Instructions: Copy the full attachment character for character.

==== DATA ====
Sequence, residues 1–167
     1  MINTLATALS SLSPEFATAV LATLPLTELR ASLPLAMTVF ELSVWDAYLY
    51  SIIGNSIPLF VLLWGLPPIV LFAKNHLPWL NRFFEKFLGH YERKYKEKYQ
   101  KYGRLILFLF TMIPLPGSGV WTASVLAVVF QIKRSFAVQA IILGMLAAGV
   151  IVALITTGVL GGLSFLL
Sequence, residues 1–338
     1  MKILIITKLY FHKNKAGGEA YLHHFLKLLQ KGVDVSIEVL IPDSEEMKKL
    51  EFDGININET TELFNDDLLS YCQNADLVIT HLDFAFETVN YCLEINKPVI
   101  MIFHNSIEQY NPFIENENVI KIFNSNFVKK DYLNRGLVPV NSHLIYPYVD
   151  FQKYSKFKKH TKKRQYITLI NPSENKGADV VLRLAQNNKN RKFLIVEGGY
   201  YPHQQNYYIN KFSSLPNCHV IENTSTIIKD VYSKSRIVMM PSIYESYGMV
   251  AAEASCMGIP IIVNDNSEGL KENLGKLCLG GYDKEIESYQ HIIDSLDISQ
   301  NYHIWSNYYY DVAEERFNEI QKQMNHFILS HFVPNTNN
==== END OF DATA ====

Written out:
Sequence, residues 1–167
     1  MINTLATALS SLSPEFATAV LATLPLTELR ASLPLAMTVF ELSVWDAYLY
    51  SIIGNSIPLF VLLWGLPPIV LFAKNHLPWL NRFFEKFLGH YERKYKEKYQ
   101  KYGRLILFLF TMIPLPGSGV WTASVLAVVF QIKRSFAVQA IILGMLAAGV
   151  IVALITTGVL GGLSFLL
Sequence, residues 1–338
     1  MKILIITKLY FHKNKAGGEA YLHHFLKLLQ KGVDVSIEVL IPDSEEMKKL
    51  EFDGININET TELFNDDLLS YCQNADLVIT HLDFAFETVN YCLEINKPVI
   101  MIFHNSIEQY NPFIENENVI KIFNSNFVKK DYLNRGLVPV NSHLIYPYVD
   151  FQKYSKFKKH TKKRQYITLI NPSENKGADV VLRLAQNNKN RKFLIVEGGY
   201  YPHQQNYYIN KFSSLPNCHV IENTSTIIKD VYSKSRIVMM PSIYESYGMV
   251  AAEASCMGIP IIVNDNSEGL KENLGKLCLG GYDKEIESYQ HIIDSLDISQ
   301  NYHIWSNYYY DVAEERFNEI QKQMNHFILS HFVPNTNN